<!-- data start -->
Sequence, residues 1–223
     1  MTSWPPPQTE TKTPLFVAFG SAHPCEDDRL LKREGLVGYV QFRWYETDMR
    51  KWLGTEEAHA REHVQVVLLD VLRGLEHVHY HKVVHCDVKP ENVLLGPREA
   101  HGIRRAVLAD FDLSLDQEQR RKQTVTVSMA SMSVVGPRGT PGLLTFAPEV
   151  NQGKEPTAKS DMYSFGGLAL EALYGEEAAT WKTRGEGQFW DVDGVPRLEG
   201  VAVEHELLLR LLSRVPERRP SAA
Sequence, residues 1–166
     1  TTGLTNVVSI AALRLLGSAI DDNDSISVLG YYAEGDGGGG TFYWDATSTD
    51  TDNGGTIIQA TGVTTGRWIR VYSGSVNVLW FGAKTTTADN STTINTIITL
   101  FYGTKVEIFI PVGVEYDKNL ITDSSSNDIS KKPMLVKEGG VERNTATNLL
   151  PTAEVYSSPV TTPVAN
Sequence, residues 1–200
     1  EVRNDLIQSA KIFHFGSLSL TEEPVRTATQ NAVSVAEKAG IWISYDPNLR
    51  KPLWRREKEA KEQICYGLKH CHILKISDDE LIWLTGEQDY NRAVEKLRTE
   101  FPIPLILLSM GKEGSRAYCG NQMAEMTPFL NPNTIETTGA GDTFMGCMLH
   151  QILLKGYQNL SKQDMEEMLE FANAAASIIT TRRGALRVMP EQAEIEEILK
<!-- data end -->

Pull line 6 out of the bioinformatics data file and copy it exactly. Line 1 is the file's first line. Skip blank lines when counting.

   201  VAVEHELLLR LLSRVPERRP SAA